In the midst of the ongoing tech boom in the Bay Area, the biotech industry gets less attention than social media and “sharing” unicorns. What is going on with the push for “synthetic biology”? What are the implications for politics, manufacturing, medicine? Will the boundary between life and artifice persist? How do embedded paradigms reflect deeper assumptions about the structure of modern life? with <strong>Elliot Hosman, Pete Shanks</strong>, and <strong>Tito Jankowski</strong>.</p>
+
In the midst of the ongoing tech boom in the Bay Area, the biotech industry gets less attention than social media and “sharing” unicorns. What is going on with the push for “synthetic biology”? What are the implications for politics, manufacturing, medicine? Will the boundary between life and artifice persist? How do embedded paradigms reflect deeper assumptions about the structure of modern life? with <strong>Elliot Hosman, Pete Shanks</strong>, and <strong>Tito Jankowski</strong>.
  <p><iframe src="http://archive.org/embed/SyntheticBiologyDIYMeetsBigCapitalApril132016" width="411" height="30" frameborder="0"></iframe></p>
+
    <hr>
+
      </div>
+
  
<div class="talk-archive">
+
<iframe src="http://archive.org/embed/SyntheticBiologyDIYMeetsBigCapitalApril132016" width="411" height="30" frameborder="0"></iframe>
      <h5>December 2, 2015</h5>
+
    <h3> Tending the Urban Wild</h3>
+
    <p>Foraging is a fantastic way to learn about the urban natural habitat and cultivate our local food sources. It is also becoming a fashionable urban treasure hunt. Artist and Guerrilla Grafter <strong>Margaretha Haughwout</strong> shares some simple gestures that can generate as well as preserve the urban commons, urban agriculturalist <strong>Antonio Roman-Alcalá</strong> takes a critical look at privatization of the urban wild and the groundwork laid by grassroots activists. </p>
+
<iframe src="http://archive.org/embed/TendingTheUrbanWildDec22015" width="411" height="30" frameborder="0"></iframe><br />
+
    </p>
+
    <hr>
+
      </div>
+
  
<div class="talk-archive">
+
<hr>
      <h5>May 13, 2015</h5>
+
    <h3> Plumbing California: Past, Present, and Future</h3>
+
    <p>Governor Jerry Brown is determined to build the Delta Tunnels through the Sacramento/San Joaquin River Delta. The once-and-future Peripheral Canal is the latest plumbing scheme to follow the damming and diking of rivers and swamps which began with intensive Chinese manual labor in the 19th century. California has already radically altered its plumbing, but we’ll also look to future efforts at riparian restoration, dam deconstruction, and maintaining or altering our massive hydrological infrastructure. <strong>Tim Stroshane, <a href="http://www.internationalrivers.org/resources/meet-our-executive-director-3406" target="_blank">Jason Rainey</a>,</strong> and <strong><a href="http://www.kildall.com/" target="_blank">Scott Kildall</a></strong> (w/ 3-D maps of SF’s water infrastructure). </p>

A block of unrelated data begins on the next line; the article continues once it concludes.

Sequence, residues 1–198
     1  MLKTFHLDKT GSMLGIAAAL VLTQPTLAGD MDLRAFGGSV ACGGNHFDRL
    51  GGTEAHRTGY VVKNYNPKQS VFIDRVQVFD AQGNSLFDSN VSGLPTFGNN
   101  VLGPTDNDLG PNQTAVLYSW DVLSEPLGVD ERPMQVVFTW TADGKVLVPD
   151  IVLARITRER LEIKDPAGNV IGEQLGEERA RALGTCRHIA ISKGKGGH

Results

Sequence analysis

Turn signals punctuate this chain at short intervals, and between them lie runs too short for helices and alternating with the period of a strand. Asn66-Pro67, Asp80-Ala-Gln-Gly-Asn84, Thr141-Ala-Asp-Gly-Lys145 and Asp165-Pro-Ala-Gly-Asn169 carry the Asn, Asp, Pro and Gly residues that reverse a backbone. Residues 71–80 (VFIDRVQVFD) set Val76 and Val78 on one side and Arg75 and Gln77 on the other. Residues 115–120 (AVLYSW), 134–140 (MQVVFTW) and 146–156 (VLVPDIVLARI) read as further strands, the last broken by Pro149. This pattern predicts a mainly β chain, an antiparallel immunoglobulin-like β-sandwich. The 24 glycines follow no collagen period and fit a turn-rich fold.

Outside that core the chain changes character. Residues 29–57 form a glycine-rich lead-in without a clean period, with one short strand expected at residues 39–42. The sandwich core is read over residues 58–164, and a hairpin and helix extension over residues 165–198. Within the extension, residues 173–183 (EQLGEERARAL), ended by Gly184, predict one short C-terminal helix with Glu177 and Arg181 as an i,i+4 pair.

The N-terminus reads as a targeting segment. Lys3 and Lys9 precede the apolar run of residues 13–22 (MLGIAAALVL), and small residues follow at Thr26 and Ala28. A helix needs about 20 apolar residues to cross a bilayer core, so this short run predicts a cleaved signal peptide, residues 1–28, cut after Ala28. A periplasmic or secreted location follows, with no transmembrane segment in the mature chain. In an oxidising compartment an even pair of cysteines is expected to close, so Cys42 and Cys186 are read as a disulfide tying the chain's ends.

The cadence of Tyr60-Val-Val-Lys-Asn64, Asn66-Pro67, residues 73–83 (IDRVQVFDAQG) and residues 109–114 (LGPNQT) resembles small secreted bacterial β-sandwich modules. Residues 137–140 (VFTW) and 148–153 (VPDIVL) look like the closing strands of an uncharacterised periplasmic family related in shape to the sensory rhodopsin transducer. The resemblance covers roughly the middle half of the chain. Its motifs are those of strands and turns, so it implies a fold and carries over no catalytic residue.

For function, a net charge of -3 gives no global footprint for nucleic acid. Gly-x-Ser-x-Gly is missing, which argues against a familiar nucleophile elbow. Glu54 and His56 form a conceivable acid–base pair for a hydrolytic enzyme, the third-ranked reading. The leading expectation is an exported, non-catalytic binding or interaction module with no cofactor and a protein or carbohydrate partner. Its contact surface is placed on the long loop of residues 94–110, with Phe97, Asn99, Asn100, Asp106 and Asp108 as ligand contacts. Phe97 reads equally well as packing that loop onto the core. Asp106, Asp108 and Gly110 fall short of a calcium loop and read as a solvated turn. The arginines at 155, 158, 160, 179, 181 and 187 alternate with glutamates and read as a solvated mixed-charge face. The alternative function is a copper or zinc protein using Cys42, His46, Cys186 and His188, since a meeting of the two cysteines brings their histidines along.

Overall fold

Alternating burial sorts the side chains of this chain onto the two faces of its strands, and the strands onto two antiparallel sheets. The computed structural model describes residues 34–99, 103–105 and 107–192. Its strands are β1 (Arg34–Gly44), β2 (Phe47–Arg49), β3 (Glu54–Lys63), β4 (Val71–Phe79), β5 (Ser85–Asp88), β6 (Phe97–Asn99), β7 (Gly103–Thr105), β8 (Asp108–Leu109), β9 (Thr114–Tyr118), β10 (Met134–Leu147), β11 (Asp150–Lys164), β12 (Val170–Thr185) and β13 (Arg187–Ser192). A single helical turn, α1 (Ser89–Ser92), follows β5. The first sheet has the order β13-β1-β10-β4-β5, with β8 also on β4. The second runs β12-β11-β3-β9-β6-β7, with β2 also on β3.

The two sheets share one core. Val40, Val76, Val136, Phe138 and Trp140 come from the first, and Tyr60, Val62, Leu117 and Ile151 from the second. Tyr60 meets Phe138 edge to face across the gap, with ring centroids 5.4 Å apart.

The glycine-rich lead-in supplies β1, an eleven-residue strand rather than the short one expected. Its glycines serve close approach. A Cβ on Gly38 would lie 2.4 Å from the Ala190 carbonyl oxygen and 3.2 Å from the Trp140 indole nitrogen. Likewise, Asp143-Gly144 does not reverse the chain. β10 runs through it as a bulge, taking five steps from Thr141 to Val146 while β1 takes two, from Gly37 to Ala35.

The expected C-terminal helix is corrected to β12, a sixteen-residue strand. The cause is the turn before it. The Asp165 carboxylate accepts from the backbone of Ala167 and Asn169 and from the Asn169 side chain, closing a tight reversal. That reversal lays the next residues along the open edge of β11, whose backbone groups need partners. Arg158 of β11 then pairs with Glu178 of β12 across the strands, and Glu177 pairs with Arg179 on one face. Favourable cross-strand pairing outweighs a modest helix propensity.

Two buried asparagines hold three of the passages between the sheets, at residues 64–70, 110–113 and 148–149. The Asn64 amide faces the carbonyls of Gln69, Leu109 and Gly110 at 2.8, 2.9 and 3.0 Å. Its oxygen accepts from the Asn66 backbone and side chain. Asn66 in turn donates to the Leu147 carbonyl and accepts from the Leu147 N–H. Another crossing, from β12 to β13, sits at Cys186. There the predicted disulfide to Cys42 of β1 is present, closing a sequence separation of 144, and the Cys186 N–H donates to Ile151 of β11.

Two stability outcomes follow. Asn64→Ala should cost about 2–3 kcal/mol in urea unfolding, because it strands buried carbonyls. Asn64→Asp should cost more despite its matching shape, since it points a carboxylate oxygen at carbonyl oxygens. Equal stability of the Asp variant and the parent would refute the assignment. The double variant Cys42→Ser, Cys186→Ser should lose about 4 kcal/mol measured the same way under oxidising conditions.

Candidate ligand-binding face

+
<iframe src="http://archive.org/embed/PlumbingCaliforniaMay132015" width="411" height="30" frameborder="0"></iframe><br />
+
    </p>
+
    <hr>
+
      </div>
+
  
<div class="talk-archive">
+
<span id="dec2-15"><font size=4>December 2, 2015</font size></span>
      <h5>May 6, 2015</h5>
+
 
    <h3>Rewilding and the Anthropocene</h3>
+
<font size=4>Tending the Urban Wild</font size>
    <p>In a world where every inch has been impacted—directly or indirectly—by industrial society, what does it mean to “preserve nature”? How does the idea of adaptation shape our responses to extinction, climate chaos, and nature? How does our sense of “history” shape our ideas about nature, evolution, and conservation? How should we understand and value natural processes, wildness, and human technologies? With <strong>Peter S. Alagona, Annalee Newitz</strong>, and <strong>Noah Greenwald</strong>. Co-hosted by <a href="http://www.wildequity.org" target="_blank">Wild Equity Institute.</a></p>